What can I do to prevent a snake bite to my pet?
Avoid areas with grass any longer than ankle height
Always keep your dog on lead when walking
Do not let your dog investigate off path/in long grass
Keep your backyard tidy, mowed and remove any rubbish that would make a nice hiding spot for a snake
Consider building a cat enclosure for cats that like to venture outdoors
What are the signs of snake bites that I should be aware of?
There are several factors that may determine the reaction your pet may have to a snake bite. These can include the type of snake, where on the body your pet was bitten and how much venom was injected.
Signs and symptoms of snake bites vary but can often show some of the following:
Collapse (can seem to ‘recover’ shortly after)
Twitching of the muscles
Dilated pupils non-responsive to light
And in later stages:
Blood in urine
I think my pet has been bitten by a snake, what should I do?
If you suspect your pet has been bitten by a snake you should keep them as quiet/still as possible whilst seeking immediate veterinary attention. The sooner your pet is treated the better their chances of survival.
Unless you are certain the snake is dead do not put yourself at risk trying to identify it.
What will the Vet do to treat my pet?
Once you arrive at the Vet they may recommend a series of tests to determine whether a snake bite has occurred. After receiving confirmation of a snake bite your pet will be placed on intravenous fluids and possibly oxygen depending on their current condition. Your vet will administer the appropriate anti venom to your pet slowly whilst intensive monitoring and supportive care continues. Subject to your pets reaction to the anti venom occasionally more than one vial is needed. Depending on the severity of your pets condition, intensive nursing, hospitalisation and supportive care such as IV fluids and oxygen may be necessary for a number of days whilst they recover.
What is my pet’s prognosis?
Approximately 80% of pets survive snake bites if treated quickly. The survival rate of pets that are left untreated is much, much lower.
What can I do to remove a snake from my property?
If you see a snake do not try to catch or harm it. All Australian snakes are protected and you will expose yourself to unnecessary danger.
If you need a snake removed/relocated please phone either: • Access Canberra Contact Centre on 132281. • Canberra Snake Rescue & Relocation on 0405 405 304. or visit the Access Canberra website HERE for more information.
Spring is here and the temperature is rising here in the Nation’s Capital. With the change in weather comes some new topics for pet health, here are our top 5!
Allergies and Skin Irritation
Seasonal plants and pollen can cause allergies and skin irritations. If you notice your pet scratching at there ears or skin, licking or biting at areas of their body or if you notice any changes to their skin or coat, give us a call to have it checked out.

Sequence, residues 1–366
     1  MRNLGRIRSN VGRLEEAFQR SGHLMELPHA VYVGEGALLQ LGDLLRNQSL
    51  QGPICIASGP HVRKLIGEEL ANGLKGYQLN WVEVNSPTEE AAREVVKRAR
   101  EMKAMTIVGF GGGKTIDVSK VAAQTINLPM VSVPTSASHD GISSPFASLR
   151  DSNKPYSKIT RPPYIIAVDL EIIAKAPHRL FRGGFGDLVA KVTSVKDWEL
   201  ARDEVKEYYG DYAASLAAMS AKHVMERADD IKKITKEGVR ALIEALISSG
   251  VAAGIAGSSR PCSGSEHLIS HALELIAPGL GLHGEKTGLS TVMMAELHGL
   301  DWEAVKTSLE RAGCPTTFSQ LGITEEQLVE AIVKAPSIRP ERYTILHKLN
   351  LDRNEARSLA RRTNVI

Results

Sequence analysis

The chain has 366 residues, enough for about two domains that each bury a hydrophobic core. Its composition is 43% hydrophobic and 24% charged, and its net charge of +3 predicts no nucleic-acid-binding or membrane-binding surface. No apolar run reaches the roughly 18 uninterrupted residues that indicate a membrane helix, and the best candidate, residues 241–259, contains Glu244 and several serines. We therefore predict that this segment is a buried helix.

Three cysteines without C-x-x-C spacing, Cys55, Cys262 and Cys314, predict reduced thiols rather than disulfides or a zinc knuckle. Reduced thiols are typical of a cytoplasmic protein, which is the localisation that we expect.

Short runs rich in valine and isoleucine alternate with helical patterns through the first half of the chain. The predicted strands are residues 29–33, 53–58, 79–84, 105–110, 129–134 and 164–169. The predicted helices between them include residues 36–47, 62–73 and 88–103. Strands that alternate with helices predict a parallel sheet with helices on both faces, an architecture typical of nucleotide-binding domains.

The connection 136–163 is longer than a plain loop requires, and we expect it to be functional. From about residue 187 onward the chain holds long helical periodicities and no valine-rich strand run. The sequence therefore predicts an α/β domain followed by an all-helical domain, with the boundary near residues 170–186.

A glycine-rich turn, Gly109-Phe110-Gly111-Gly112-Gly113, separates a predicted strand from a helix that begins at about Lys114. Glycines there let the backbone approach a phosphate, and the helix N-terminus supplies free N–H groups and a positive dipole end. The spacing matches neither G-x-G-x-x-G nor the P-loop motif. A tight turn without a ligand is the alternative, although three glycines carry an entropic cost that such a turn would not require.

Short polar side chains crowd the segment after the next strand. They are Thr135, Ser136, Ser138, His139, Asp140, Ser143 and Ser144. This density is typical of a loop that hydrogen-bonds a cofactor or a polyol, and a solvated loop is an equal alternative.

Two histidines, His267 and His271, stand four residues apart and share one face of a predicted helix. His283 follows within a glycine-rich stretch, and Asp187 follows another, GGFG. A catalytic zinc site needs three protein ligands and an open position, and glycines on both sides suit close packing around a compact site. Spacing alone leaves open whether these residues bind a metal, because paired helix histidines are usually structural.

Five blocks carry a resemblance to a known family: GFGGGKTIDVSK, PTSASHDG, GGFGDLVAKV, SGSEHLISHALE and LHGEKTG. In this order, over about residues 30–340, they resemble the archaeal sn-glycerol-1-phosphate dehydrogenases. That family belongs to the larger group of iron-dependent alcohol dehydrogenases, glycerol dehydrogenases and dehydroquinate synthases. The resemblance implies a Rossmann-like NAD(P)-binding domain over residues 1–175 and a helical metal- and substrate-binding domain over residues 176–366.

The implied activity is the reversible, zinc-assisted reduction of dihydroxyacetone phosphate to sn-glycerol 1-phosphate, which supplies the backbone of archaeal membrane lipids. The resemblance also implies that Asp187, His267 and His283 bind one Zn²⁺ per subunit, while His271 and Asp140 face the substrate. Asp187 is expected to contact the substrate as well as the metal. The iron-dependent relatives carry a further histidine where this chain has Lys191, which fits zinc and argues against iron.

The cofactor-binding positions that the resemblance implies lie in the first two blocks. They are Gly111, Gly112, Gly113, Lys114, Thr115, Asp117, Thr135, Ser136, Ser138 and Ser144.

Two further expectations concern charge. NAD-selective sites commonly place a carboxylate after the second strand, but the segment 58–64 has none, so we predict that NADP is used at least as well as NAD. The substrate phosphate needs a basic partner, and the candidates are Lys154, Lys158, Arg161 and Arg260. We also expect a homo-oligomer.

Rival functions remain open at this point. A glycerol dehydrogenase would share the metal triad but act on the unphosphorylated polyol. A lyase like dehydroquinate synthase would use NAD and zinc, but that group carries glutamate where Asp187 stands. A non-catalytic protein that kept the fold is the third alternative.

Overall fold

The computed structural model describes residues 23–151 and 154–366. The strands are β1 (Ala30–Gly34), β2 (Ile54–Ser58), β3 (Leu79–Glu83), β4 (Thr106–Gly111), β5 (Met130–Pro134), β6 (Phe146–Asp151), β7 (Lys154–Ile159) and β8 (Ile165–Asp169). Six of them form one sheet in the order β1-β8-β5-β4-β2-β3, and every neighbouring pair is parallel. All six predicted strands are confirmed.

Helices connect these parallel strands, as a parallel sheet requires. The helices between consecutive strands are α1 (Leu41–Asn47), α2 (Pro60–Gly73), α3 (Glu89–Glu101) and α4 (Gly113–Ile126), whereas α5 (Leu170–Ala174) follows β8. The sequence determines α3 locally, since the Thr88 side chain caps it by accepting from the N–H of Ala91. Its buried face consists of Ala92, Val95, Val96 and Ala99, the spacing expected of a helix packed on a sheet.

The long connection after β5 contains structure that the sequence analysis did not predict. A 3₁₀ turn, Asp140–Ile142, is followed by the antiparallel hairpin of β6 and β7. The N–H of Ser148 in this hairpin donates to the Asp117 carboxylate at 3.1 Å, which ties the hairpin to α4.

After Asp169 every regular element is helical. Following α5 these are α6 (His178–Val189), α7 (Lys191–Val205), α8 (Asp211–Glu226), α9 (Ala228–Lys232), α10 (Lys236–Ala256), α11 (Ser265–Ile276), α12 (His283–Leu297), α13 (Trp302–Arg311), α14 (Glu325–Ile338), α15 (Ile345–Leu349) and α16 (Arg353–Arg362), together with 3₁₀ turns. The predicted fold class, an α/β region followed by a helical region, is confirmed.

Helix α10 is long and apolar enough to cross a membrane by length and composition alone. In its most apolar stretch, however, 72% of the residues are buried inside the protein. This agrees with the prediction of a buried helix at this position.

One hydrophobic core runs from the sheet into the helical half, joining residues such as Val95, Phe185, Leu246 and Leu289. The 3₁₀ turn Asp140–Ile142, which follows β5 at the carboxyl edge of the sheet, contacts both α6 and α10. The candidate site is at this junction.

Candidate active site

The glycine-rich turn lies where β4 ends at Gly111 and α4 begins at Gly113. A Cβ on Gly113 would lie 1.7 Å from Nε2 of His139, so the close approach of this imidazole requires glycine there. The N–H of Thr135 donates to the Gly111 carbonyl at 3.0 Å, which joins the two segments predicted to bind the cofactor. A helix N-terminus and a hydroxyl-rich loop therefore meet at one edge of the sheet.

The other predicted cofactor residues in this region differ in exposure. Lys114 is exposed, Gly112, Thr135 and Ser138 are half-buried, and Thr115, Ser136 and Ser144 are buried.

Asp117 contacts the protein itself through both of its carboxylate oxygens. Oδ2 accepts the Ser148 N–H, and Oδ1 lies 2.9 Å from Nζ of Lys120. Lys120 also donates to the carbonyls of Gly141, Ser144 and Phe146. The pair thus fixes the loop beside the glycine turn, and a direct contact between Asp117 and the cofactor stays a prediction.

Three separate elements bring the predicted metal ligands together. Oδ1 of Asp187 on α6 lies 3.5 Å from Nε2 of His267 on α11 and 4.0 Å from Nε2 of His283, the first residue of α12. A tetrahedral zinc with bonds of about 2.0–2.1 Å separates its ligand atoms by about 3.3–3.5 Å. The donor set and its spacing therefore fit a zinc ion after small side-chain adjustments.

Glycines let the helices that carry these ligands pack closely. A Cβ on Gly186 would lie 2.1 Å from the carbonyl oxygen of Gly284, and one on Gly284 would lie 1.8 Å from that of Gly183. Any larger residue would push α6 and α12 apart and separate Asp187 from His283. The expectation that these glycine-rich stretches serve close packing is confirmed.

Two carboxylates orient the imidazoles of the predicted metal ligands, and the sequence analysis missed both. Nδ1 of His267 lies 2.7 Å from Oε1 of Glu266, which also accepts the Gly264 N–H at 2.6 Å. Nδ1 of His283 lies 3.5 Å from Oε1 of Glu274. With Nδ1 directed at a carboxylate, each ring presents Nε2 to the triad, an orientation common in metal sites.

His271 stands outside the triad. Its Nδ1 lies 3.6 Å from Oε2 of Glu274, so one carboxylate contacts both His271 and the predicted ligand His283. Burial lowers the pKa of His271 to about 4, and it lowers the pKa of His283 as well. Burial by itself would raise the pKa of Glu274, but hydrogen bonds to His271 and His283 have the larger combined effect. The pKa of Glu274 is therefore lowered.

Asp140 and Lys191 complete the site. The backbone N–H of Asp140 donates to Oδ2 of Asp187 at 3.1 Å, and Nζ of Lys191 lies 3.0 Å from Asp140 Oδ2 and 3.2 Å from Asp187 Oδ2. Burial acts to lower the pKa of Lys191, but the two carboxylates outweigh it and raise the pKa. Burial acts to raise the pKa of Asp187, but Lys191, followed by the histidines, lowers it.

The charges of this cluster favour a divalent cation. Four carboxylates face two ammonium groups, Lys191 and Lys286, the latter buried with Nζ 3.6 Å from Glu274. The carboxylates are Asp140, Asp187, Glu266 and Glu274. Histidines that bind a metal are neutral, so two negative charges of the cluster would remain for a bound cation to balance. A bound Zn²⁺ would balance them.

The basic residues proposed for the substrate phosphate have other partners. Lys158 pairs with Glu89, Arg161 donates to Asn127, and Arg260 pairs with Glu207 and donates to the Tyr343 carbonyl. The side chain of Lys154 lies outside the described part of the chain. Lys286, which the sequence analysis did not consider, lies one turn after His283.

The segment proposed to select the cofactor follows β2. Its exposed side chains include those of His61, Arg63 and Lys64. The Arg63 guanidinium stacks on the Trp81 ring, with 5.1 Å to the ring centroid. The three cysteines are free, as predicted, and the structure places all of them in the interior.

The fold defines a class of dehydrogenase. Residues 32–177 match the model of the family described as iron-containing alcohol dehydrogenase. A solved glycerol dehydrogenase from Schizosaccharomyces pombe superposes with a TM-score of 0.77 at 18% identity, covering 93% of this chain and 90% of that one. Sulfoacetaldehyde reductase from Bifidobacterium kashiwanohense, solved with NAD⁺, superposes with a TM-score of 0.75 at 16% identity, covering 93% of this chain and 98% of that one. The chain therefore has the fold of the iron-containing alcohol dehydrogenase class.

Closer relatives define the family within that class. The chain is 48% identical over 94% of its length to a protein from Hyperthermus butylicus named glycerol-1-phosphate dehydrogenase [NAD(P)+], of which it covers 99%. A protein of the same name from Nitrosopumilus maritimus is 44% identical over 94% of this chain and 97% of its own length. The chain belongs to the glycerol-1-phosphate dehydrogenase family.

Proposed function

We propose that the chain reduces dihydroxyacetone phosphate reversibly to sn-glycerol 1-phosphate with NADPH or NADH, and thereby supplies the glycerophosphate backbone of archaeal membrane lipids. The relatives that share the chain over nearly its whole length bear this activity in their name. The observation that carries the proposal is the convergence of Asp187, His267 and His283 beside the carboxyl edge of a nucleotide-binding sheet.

Grass seeds are prevalent in Spring as new vegetation is rapidly growing. The pointy end make it easy for them to become lodged under the skin in your pets legs and paws. They are also commonly found down ear canals, under eyelids and even in the nasal passage after being inhaled! It is safest to avoid any areas with long grass on your walks and it always a good idea to give your pet a check over on return from a walk. If your pet begins shaking their head, sneezing or licking at any part of their body it is best to make an appointment as soon as you can. In many cases sedation and/or general anaesthesia is required for removal so avoid feeding your pet before their appointment just in case.
Paralysis Ticks and Preventatives
Many Canberrans make the most of the warm weather with a trip to the home of paralysis ticks, the coast! Paralysis ticks are capable of killing a dog within just days of attaching if he/she did not have any tick protection prior. We now have such safe, effective, affordable, quick acting and long lasting tick prevention options available that there really is no excuse. Here are our preventative recommendations:
Nexgard Chewable Tablets (1 month protection for fleas and ticks) – Best for infrequent travelers that have a trip planned for less that 1 month duration or for puppies that are growing and may exceed the tablets weight range in a month. Bravecto Chewable Tablets (3 months protection for fleas and ticks) – Best for people who travel quite frequently and can remember to dose again every 3 months. Bravecto Spot On (6 months [yes 6 months!] protection for fleas and ticks) – Best for year round cover for fleas and ticks and for pets who are hard to tablet.
We sell all 3 options here at Vets at Amaroo, give us a call on on 6230 2262 if you’d like us to pop one aside for you.
Though it has only just hit Spring, there have already been multiple snake sightings in the ACT and surrounding regions. We recommend keeping your dog on lead when out and about, sticking to the path/walking trail and avoiding areas with long grass. It’s helpful to be familiar with the symptoms of a snake bite so that you can act quickly in an emergency, these include: – Vomiting – Sudden weakness – Collapse (can seem to ‘recover’ shortly after) – Twitching of the muscles – Hyper-salivation – Dilated pupils non-responsive to light If you notice any of the above symptoms give your vet a call straight away.
Plants – Lilies
Lilies are extremely toxic to cats, causing kidney failure and even death after ingesting even the smallest amount of any part of the plant. Cat owners should NEVER have lilies in their homes. Symptoms include: – Vomiting – Other symptoms relating to kidney dysfunction (lessened appetite/disinterest in food, lethargy, depression, changes in urination and thirst). Again, if you notice any of the above symptoms, give your vet a call immediately.